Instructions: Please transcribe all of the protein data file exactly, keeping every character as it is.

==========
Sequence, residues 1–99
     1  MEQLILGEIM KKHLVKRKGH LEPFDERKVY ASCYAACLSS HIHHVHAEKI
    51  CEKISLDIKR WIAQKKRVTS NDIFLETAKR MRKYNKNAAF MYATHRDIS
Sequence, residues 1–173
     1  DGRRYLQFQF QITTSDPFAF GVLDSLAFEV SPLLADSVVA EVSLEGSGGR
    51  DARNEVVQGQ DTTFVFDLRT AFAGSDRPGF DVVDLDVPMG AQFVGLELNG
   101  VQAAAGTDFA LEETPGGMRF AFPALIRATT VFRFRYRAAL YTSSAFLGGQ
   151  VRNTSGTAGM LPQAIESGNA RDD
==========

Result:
Sequence, residues 1–99
     1  MEQLILGEIM KKHLVKRKGH LEPFDERKVY ASCYAACLSS HIHHVHAEKI
    51  CEKISLDIKR WIAQKKRVTS NDIFLETAKR MRKYNKNAAF MYATHRDIS
Sequence, residues 1–173
     1  DGRRYLQFQF QITTSDPFAF GVLDSLAFEV SPLLADSVVA EVSLEGSGGR
    51  DARNEVVQGQ DTTFVFDLRT AFAGSDRPGF DVVDLDVPMG AQFVGLELNG
   101  VQAAAGTDFA LEETPGGMRF AFPALIRATT VFRFRYRAAL YTSSAFLGGQ
   151  VRNTSGTAGM LPQAIESGNA RDD